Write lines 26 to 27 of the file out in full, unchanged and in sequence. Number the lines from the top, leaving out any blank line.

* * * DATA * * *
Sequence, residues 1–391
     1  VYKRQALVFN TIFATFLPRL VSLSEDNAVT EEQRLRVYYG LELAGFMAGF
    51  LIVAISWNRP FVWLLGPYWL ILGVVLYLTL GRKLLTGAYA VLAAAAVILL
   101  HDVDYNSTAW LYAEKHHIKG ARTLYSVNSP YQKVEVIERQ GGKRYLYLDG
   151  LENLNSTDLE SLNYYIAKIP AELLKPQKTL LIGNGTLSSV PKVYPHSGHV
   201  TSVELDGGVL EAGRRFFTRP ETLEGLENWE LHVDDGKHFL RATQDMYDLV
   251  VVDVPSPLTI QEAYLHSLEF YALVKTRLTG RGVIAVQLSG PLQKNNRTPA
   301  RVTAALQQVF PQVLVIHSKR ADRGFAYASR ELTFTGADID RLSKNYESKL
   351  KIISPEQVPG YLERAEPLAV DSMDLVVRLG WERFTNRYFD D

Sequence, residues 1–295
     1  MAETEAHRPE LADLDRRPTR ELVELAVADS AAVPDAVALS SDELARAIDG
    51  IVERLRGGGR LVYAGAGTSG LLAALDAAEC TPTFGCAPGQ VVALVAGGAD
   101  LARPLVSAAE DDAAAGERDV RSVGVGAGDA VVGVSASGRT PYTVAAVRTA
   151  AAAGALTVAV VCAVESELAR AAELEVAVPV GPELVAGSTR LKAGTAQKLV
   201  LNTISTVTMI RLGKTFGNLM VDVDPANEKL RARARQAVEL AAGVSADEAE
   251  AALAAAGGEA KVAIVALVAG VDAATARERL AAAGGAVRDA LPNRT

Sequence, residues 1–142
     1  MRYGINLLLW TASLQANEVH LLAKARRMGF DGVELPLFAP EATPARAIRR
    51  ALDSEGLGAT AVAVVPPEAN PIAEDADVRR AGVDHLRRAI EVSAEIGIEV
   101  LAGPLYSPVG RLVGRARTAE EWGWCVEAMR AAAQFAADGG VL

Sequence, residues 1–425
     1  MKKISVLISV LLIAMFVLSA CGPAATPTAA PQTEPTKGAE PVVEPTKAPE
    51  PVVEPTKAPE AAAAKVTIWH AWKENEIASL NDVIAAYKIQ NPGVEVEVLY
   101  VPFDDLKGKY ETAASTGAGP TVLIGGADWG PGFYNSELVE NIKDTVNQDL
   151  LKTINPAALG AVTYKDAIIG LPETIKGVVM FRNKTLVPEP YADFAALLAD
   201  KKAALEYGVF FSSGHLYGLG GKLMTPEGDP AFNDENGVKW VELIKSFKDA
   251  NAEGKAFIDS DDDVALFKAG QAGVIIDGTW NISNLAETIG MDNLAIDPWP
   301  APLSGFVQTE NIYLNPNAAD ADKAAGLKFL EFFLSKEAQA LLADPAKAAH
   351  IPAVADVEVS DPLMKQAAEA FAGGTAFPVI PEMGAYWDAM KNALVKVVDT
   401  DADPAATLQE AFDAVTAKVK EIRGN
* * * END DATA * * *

   201  KKAALEYGVF FSSGHLYGLG GKLMTPEGDP AFNDENGVKW VELIKSFKDA
   251  NAEGKAFIDS DDDVALFKAG QAGVIIDGTW NISNLAETIG MDNLAIDPWP